Pubdate: Fri, 19 Nov 2010
Source: Saipan Tribune (US MP)
Copyright: 2010 Saipan Tribune
Author: Haidee V. Eugenio


Senators are set to act today on a House measure legalizing marijuana
use in the CNMI for all purposes, but a lawyer is urging senators to
investigate and research the issues "before taking action on this bill
based on uninformed rhetoric and emotion."

Attorney Jeanne Rayphand, in a Nov. 15 letter to senators, said she
has not found any support for the assertion that the CNMI will lose
millions in federal grants should House Bill 17-47, House Substitute 1
is enacted into law, or that the children will be more at risk.

Rayphand also said the passage of the marijuana bill will have no
effect on the federal law regarding the control of marijuana.

But Senate President Paul Manglona (R-Rota) reiterated yesterday that
the marijuana bill will likely be killed in this afternoon's session
on Rota.

Sen. Luis Crisostimo (D-Saipan), for his part, said yesterday it is
likely that a medical marijuana bill will gain more support than a
bill that allows marijuana use for all purposes, including
recreational use.

Rep. Stanley Torres' (Ind-Saipan) marijuana legalization bill is among
the major bills on the Senate session agenda.

Torres said if the Senate kills his bill, he will introduce a new
measure focusing on medical marijuana.

Rayphand, in commenting on the bill, urged senators to look into at
least three major areas, including determining whether the CNMI will
really lose millions in federal grants if the bill is passed.

"I have not found any support for this assertion," Rayphand said in
her two-page letter to senators dated Nov. 15.

She cited as an example the Drug-Free Schools and Communities Act and
Drug and Alcohol Abuse Prevention Regulations. She said as she
understands these regulations, an institution of higher education must
adopt and implement a program to prevent the unlawful possession, use
or distribution of illicit drugs and alcohol by students and

"This does not require a criminal statute prohibiting marijuana
possession, use or distribution. The same would be true for any
requirement that a workplace be drug-free," Rayphand told the

Public Health Secretary Joseph Kevin Villagomez earlier told lawmakers
that the Department of Public Health alone stands to lose $10 million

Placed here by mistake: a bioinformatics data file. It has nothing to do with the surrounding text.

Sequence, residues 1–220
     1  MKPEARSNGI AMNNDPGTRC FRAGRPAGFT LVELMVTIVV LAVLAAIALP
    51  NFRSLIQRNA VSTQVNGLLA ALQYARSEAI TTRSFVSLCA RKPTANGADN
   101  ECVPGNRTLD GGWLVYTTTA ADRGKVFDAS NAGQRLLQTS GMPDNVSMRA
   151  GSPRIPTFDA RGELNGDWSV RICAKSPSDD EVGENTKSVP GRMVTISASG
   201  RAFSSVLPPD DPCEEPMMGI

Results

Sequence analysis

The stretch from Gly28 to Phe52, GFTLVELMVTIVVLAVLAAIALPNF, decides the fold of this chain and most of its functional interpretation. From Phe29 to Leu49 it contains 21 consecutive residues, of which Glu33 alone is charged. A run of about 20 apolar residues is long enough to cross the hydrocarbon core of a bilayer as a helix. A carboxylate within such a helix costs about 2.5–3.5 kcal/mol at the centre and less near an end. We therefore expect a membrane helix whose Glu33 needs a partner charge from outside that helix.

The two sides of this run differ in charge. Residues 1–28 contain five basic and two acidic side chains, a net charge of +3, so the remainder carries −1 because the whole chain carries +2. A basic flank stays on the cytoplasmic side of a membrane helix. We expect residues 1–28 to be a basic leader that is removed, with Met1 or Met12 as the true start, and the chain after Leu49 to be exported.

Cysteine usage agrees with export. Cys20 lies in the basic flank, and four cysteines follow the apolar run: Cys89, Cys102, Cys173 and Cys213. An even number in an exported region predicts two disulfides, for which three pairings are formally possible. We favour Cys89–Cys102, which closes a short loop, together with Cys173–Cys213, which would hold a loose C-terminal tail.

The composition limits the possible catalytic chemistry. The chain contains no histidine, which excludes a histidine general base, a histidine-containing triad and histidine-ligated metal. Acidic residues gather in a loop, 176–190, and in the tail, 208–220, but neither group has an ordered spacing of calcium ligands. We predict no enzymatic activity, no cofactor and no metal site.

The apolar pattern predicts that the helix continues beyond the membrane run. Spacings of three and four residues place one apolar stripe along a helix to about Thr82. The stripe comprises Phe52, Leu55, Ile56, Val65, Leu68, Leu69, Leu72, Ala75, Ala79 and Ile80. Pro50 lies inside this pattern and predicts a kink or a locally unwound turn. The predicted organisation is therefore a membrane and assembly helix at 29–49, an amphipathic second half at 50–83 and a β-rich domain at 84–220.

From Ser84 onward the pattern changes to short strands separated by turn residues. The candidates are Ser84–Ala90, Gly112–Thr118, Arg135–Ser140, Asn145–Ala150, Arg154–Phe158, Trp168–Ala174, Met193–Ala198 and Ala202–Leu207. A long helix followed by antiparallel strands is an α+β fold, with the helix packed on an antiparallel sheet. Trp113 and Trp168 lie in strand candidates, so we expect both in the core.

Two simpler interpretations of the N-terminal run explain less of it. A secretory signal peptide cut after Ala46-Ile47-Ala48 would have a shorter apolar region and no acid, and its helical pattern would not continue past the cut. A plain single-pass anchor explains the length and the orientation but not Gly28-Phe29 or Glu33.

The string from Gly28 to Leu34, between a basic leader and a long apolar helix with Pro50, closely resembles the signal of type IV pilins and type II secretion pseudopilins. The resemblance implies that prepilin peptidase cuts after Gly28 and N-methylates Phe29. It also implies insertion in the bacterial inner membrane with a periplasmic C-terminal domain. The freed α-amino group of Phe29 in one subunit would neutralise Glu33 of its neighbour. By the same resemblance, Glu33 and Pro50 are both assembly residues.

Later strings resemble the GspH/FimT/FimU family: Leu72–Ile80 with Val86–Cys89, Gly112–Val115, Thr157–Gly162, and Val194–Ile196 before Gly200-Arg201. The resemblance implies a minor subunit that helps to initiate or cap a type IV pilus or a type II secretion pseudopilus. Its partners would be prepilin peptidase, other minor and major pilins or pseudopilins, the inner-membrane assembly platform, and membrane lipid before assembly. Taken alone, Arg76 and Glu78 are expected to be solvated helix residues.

in federal grants should the marijuana bill pass.

Rayphand, in her letter, also cited the bill's prohibition on
furnishing marijuana to minors and provides for criminal penalties for
such offenses.

"This bill will not increase the risk of marijuana use by our children
and certainly our children will be no more at risk of marijuana use
than they are of alcohol and cigarette use," she said.

Rayphand also said the bill's passage will have no effect on the
federal law regarding the control of marijuana as set forth in 21 U.S.
841 et seq.

"As pointed out in the findings and purpose of H.B. 17-47, the funds
currently being spent by the CNMI for the enforcement of the CNMI
criminal statute regarding marijuana use could be used for other
purposes and it would be up to the federal government to take whatever
action it chooses to enforce federal laws regarding marijuana use,"
Rayphand added.

She said based on what she has read about marijuana, smoking marijuana
does not result in violence.

"And I personally would rather see someone smoking marijuana
occasionally instead of drinking alcohol excessively. I would rather
someone smoke a marijuana cigarette than drink a six-pack of beer,"
she said.

Rayphand also said there appears to be evidence that smoking marijuana
"is not harmful to one's health and does not cause long-term or
permanent mental impairment."

"At any rate, it is certainly no more harmful than alcohol or tobacco.
And it does have medicinal uses," she added.

Gov. Benigno R. Fitial earlier said he would only support medical
marijuana legislation, and that would further depend on how the bill
is crafted.

Torres' bill seeks to legalize, regulate and tax marijuana use for
medicinal and other purposes in the CNMI, adding to a list of revenue-
generating bills pending in the 17th Legislature.
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